The promotion expands on anthat allows AOL members to rent downloaded movies for 99 cents a title. Under the new program, the companies will make 10 "classic titles," including "Steel Magnolias" and "Against All Odds," available for free in the first month. In subsequent months, five movies will be offered. Once downloading is complete, customers have 30 days to watch the film and 24 hours to complete it, once viewing begins.
AOL is betting on digital media as a way to persuade people to pay an additional $14.95 per month for its service on top of their existing broadband bill. AOL has been marketing its broadband service in hopes of stemming the defection of members from its dial-up service, which has witnessed heavy losses over the past year.
In the third quarter of 2003, AOL lost 688,000 dial-up customers, most of whom were paying $23.90 a month for service. That's down from second-quarter dial-up losses of 846,000 members. However, AOL reported 2.6 million "broadband" subscribers, many of whom subscribe to AOL's $14.95-a-month plan.
AOL said the earlier deal has helped Movielink increase downloads from its 1,000-films strong library by 15 percent. Typically, Movielink charges $4.99 for each film download. "Since our initial partnership with Movielink, we've steadily seen increased usage among the AOL for Broadband community," Steven Yee, vice president and general manager of AOL Movies and Moviefone.com, said in a statement.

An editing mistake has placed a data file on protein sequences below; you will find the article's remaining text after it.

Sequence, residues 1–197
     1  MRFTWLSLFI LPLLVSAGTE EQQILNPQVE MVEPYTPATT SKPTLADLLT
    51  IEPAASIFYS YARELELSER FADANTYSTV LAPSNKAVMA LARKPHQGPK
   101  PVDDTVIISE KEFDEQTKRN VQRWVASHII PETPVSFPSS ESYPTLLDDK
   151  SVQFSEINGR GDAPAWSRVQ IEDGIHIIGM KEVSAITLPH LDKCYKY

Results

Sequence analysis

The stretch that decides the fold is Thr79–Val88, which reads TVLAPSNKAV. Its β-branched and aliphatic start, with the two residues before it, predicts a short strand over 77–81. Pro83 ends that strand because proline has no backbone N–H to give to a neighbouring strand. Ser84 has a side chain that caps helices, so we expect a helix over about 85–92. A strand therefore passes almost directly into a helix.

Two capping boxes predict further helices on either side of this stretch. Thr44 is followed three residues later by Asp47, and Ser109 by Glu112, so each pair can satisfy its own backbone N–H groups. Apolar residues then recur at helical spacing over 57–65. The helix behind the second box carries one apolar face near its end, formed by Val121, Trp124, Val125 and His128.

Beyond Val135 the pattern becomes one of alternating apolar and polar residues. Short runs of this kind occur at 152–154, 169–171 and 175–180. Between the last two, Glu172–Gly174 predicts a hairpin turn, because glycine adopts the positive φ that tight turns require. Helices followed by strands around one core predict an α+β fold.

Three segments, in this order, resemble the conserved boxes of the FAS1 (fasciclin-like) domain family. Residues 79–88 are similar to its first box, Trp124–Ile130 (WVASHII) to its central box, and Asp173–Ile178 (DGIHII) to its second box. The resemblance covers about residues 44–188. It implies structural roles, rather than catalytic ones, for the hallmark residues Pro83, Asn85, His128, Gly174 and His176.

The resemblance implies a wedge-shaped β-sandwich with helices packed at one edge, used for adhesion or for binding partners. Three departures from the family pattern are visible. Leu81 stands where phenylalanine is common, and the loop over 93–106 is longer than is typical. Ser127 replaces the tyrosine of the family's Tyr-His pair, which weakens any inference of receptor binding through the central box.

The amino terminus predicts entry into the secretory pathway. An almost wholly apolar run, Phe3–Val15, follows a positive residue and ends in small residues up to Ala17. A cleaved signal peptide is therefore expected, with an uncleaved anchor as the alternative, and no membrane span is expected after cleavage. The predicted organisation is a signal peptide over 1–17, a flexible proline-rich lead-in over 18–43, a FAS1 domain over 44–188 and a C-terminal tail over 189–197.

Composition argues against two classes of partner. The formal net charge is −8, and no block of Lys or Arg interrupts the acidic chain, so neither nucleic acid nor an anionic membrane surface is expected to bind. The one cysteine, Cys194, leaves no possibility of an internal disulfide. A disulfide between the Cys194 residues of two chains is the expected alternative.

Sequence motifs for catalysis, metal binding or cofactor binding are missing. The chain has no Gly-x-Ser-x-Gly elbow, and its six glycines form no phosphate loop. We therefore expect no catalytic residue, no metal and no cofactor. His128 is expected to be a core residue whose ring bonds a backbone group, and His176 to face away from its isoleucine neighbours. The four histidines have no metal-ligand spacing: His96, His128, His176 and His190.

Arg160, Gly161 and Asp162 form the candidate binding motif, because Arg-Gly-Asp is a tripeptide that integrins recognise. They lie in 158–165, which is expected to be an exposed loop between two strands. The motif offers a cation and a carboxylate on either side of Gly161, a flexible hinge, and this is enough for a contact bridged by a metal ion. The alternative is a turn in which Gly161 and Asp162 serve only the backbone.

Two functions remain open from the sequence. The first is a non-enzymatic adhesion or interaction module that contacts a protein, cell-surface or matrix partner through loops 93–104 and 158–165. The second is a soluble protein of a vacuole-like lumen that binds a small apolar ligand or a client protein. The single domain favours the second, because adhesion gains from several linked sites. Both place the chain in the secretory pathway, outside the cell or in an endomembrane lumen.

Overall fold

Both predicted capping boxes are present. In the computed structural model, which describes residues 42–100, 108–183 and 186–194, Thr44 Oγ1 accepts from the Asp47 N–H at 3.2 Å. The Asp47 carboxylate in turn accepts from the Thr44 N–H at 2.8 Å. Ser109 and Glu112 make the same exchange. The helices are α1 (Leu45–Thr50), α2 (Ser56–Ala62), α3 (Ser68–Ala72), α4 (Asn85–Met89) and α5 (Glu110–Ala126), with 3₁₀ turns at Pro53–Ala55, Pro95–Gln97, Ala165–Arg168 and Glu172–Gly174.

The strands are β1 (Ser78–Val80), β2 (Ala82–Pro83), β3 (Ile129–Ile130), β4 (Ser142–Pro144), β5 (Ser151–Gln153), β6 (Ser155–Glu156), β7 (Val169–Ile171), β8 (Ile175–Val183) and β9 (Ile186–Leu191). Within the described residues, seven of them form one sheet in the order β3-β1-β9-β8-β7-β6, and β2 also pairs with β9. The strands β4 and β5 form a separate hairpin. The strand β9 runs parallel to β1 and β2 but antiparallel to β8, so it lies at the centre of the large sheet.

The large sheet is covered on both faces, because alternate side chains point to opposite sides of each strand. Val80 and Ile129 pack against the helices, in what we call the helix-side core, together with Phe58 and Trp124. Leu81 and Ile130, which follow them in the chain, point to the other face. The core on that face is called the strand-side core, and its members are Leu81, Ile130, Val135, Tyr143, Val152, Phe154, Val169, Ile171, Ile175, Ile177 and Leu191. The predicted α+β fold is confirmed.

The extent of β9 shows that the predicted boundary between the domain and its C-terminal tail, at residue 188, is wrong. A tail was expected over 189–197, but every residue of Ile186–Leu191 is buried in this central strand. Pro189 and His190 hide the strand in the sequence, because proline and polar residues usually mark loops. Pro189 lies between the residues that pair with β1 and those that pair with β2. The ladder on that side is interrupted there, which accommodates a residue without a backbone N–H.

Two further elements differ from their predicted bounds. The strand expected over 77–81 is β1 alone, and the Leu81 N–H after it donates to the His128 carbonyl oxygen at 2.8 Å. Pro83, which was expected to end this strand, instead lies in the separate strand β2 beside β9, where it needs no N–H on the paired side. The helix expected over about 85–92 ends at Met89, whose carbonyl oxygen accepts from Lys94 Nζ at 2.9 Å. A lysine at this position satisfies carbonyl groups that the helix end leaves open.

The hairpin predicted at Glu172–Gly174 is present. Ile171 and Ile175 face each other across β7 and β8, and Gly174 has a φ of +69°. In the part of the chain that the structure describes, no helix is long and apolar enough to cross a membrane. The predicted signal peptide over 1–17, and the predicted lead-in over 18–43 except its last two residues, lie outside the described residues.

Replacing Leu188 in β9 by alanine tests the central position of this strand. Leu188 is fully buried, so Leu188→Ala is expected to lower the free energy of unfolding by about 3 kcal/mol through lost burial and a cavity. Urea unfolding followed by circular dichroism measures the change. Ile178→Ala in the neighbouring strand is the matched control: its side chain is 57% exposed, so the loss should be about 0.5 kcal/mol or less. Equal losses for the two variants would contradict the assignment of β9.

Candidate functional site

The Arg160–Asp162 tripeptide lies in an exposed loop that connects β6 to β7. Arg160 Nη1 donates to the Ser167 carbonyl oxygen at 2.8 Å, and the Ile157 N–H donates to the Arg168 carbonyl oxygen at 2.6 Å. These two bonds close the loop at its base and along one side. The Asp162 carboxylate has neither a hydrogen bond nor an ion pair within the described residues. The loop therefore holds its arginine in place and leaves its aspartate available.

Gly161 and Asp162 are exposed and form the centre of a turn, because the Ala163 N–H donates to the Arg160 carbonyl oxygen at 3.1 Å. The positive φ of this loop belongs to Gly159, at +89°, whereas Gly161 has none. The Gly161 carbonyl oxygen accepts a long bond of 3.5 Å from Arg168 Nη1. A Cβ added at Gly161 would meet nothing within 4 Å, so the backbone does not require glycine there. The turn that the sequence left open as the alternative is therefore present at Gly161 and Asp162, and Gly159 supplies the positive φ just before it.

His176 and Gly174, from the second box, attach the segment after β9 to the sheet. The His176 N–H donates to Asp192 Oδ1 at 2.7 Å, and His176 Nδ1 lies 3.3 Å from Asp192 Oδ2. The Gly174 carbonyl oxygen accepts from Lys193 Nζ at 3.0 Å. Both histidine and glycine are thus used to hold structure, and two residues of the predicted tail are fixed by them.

Internet companies are aiming to fuel demand for subscription video services, a market that's expected to grow from about $991 million in 2003 to more than $4.5 billion in 2007, according to recent research from In-Stat/MDR.
Movielink has already partnered with other broadband providers to offer movie download promotions. Its partners include BellSouth, Time Warner Cable and SBC Communications. Movielink is a joint venture of Universal Studios, Paramount Pictures, Metro-Goldwyn-Mayer Studios, Sony Pictures Entertainment and Warner Bros.